Tax identity theft

Using your Social Security number, an identity thief can file a tax return in your name, claim a refund, take the money, and run. Worse, some unscrupulous tax-preparers have been known to file fraudulent tax returns for their clients and pocket the refunds. In either case, the victim finds out about the fraud when the IRS audits them and demands repayment of the bogus refund. Fraudsters can often get the information they need to file taxes in your name from the internet, but some will send phishing emails to victims or even make phone calls claiming to be a representative of the IRS. The identity thief will open a “mule account,” which is a bank account used to deposit and move stolen money, and then file the fraudulent tax returns as early in the season as possible in order to beat your real return. As soon as the refund is deposited in the mule account, the fraudster will withdraw the money and run for the hills.

Medical identity theft

An identity thief who gets a hold of your name and health insurance information can use it to get medical treatment. Not only do you end up with the bills (and collection calls, and dings on your credit report), but you may have trouble qualifying for life insurance or other types of insurance because your records list you as having a medical condition based on the fraudster’s claims and treatment.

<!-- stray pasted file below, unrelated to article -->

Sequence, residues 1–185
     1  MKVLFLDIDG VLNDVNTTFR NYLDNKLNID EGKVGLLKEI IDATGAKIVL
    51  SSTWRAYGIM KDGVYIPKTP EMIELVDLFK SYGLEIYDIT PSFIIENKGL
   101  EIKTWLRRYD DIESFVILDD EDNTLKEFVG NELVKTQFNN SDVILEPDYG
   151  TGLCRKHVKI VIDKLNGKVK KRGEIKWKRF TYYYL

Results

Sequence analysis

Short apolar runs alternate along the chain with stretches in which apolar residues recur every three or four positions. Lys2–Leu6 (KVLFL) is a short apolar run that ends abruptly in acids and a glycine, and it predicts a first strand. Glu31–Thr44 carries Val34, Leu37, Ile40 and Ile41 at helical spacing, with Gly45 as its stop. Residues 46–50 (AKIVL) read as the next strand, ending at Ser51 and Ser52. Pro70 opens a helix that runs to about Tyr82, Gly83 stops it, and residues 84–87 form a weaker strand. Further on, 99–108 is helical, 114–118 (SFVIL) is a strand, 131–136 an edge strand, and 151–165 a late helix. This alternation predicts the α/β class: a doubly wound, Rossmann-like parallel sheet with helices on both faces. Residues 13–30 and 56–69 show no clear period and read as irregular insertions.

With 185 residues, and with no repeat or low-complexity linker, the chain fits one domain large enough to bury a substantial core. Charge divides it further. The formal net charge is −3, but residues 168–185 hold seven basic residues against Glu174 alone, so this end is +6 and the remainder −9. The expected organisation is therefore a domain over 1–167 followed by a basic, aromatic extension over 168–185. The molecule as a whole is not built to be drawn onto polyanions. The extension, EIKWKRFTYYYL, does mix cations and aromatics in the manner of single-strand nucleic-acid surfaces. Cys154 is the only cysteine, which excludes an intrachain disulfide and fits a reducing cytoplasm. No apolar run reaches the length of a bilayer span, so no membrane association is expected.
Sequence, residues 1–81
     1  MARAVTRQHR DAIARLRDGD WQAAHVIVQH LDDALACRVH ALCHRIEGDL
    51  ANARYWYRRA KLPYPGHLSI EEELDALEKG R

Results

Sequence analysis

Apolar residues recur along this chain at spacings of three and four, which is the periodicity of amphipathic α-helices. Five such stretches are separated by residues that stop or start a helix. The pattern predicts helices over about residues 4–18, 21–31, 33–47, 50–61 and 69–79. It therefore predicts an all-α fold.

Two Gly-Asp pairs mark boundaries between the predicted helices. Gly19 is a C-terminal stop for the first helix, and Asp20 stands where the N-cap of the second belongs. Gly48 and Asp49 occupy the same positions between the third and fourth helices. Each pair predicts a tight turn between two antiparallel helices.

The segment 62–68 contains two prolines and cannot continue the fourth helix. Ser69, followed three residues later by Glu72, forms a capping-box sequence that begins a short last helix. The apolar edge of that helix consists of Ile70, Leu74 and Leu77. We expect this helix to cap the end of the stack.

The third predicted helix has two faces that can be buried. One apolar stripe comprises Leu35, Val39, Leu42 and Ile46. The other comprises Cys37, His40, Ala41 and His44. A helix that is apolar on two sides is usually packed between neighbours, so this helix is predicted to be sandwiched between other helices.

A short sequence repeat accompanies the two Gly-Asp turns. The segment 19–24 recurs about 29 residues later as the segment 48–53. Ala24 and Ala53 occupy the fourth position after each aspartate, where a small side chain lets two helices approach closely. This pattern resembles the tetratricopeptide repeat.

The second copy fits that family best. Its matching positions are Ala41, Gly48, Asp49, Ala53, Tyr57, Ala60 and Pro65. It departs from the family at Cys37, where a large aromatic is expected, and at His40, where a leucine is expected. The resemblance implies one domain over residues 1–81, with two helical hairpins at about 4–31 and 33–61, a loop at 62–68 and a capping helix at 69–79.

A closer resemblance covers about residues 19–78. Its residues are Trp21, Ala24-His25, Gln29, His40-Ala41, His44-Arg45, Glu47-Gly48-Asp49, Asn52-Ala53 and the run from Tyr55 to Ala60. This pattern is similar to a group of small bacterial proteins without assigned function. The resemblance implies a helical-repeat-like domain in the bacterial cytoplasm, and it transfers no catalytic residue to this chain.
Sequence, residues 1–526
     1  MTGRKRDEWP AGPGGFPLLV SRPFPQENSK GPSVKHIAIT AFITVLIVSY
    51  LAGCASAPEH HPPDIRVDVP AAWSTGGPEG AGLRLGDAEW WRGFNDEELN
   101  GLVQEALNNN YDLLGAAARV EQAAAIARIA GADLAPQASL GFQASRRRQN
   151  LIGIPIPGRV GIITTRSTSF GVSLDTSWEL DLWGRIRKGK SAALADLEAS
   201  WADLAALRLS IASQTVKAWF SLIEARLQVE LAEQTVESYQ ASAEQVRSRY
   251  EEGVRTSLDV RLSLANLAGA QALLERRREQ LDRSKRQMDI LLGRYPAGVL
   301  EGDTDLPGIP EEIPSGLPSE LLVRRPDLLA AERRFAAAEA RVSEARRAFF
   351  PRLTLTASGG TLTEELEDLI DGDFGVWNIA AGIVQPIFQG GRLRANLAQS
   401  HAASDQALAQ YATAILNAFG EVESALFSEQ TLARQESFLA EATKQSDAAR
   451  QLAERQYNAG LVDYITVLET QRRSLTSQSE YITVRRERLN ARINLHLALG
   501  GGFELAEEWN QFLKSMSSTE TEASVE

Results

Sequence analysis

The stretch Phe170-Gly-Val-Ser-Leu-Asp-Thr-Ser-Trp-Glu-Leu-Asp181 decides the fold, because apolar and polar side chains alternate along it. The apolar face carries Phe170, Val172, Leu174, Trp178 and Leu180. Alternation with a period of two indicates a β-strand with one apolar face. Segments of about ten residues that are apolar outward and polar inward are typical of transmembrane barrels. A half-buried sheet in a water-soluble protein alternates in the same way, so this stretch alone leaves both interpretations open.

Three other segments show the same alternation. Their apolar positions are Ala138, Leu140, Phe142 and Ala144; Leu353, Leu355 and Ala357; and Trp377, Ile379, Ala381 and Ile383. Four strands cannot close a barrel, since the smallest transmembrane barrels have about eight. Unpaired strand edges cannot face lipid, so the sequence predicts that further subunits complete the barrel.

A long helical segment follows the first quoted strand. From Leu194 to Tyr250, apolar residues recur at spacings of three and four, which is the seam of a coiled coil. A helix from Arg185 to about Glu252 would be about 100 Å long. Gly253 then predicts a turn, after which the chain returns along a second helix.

Employment identity theft

A fraudster who can’t get a job because of a criminal history or other past misdeeds may steal your Social Security number to get a job in your name. Needless to say, this can cause real problems for your future employment opportunities and various state and federal government agencies. For example, the IRS may demand that you pay taxes for income that the fraudster earned in your name.

How to prevent identity theft

Stacked Social Security cards

IMAGE SOURCE: GETTY IMAGES.

Most forms of identity theft start when the thief gets your Social Security number. A fraudster might find your Social Security number online, might call you and try to trick you into giving up the information, or might simply steal your wallet (and your Social Security card along with it). In one highly publicized case, an identity thief conned credit bureau Experian into selling him millions of Social Security numbers and then turned around and sold those numbers to other fraudsters.